Other questions to consider…

  • What is the market the company is playing in?
  • What is the market size (i.e. TAM) of the product and solution?
  • How have you conducted market validation?
  • Why is this problem critical to solve now?
  • What is your business model and how does it scale?
  • How will this company acquire their first 100 customers?
  • Do they already have customers?

4. The Team Building It

Hands down the most underrated factor when it comes to assessing the team. It boils down to this:

If there are 5 other teams working on the project, why is your team the team that they bet on?

So many times I’ve found the same idea being worked on by other people. That’s fine. The fact that there are others looking at the market in the same way implies that you may be on to something, and The First Mover advantage is largely a myth.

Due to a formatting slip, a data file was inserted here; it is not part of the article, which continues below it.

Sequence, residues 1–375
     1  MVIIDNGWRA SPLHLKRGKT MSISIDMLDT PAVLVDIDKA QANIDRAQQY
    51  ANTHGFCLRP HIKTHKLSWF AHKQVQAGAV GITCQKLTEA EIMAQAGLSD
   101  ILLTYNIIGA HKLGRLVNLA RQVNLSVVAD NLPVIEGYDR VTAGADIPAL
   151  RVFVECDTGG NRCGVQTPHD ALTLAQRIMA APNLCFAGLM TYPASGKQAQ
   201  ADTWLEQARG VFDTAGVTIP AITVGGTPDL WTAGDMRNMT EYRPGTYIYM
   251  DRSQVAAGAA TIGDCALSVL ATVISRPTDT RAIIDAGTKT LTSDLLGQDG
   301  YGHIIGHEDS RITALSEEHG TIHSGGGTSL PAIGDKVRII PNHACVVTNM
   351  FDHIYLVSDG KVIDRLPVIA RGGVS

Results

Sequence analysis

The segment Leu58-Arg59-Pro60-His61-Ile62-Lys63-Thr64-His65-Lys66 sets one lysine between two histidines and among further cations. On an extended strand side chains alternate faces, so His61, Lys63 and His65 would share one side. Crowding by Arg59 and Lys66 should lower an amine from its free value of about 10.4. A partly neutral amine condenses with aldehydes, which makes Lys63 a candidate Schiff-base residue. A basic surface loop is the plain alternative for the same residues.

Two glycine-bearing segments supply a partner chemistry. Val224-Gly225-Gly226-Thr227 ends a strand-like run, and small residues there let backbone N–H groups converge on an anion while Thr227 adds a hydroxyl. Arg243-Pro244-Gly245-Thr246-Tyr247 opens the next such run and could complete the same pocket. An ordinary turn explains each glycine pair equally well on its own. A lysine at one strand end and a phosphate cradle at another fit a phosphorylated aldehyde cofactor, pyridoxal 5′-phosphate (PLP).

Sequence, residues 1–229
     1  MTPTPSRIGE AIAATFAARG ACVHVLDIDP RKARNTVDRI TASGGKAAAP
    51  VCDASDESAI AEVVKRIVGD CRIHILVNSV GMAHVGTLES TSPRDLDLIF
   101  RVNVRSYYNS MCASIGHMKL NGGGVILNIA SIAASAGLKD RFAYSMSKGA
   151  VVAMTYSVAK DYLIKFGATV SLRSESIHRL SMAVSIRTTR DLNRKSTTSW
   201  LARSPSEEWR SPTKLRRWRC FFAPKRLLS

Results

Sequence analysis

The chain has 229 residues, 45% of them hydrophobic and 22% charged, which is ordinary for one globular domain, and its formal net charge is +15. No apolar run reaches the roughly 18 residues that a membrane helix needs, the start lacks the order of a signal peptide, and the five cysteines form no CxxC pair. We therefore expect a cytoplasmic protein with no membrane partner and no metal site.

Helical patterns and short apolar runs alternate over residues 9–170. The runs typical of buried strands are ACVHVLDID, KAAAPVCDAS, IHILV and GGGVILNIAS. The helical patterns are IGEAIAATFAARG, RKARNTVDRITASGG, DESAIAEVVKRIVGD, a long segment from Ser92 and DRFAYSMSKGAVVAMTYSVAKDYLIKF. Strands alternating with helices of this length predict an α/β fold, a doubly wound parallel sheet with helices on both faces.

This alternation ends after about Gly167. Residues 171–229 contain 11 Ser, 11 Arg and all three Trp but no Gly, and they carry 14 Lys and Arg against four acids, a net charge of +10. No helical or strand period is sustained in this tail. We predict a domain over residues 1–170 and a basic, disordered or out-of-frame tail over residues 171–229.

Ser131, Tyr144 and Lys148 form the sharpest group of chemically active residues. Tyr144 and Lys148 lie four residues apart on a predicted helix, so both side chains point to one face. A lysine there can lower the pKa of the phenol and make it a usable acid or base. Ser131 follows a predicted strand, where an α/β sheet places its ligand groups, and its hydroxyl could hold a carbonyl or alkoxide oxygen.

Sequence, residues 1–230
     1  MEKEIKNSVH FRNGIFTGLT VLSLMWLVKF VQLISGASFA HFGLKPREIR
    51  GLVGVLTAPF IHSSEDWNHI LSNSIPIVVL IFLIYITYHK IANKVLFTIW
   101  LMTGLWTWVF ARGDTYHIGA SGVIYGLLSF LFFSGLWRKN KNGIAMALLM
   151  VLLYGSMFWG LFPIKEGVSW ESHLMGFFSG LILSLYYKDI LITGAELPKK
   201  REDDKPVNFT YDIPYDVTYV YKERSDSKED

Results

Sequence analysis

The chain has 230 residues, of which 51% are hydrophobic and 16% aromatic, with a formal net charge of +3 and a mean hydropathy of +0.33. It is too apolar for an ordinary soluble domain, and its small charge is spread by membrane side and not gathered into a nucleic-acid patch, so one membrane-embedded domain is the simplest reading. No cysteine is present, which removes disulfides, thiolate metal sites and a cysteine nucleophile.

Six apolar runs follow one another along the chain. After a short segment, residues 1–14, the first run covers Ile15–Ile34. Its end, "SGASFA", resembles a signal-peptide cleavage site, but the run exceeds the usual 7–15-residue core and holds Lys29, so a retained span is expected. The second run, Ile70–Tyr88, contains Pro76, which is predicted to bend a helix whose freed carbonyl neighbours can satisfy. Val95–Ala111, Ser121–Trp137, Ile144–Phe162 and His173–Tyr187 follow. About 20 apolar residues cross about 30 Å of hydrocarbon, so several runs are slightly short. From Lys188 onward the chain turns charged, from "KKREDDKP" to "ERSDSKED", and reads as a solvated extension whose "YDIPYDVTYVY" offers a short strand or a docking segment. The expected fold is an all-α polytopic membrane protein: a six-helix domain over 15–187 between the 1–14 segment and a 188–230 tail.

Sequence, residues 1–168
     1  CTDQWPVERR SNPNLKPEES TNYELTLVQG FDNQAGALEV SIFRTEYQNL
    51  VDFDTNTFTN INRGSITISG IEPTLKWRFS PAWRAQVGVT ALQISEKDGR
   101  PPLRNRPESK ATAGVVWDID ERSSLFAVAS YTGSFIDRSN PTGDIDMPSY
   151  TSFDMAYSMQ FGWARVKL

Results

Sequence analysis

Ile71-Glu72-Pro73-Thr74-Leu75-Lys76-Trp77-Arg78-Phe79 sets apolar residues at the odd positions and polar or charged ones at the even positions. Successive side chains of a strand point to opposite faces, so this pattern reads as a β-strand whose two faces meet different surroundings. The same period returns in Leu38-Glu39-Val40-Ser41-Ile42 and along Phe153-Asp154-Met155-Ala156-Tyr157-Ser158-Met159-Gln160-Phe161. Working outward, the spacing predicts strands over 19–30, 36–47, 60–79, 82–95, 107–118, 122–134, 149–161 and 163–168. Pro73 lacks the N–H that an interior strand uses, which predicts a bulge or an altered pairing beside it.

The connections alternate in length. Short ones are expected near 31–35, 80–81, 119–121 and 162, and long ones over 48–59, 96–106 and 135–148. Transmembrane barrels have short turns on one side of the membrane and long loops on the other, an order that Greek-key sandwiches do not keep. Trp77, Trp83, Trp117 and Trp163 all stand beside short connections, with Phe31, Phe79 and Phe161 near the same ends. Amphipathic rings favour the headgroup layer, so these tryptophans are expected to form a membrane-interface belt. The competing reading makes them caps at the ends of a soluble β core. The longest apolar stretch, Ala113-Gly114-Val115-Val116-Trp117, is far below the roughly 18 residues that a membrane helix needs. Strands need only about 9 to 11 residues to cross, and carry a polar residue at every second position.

So if it isn’t that you are the only team working on this, what is it? It’s not that you’re the only team working on this project, it ends up being that you need to prove that you’re the right team to work on it.

This is expressed in a lot of ways.

  • Why does your team have unique insights into the market that nobody else does?
  • Why are your team especially efficient compared to other people working on it?
  • What advantages does this team have that no-one else can replicate?
  • Has the team previously worked together in the past?
  • Does the team composition have a balanced skillset?
  • What is the competitive advantage that this team brings to the table — both in terms of team and product?

Some Examples

Check out the winners of the previous Relays below for some good examples of teams that answered the above questions in really compelling, interesting ways.

I miss anything? Got questions or feedback? Feel free to reach out and/or schedule some time on my calendar to chat.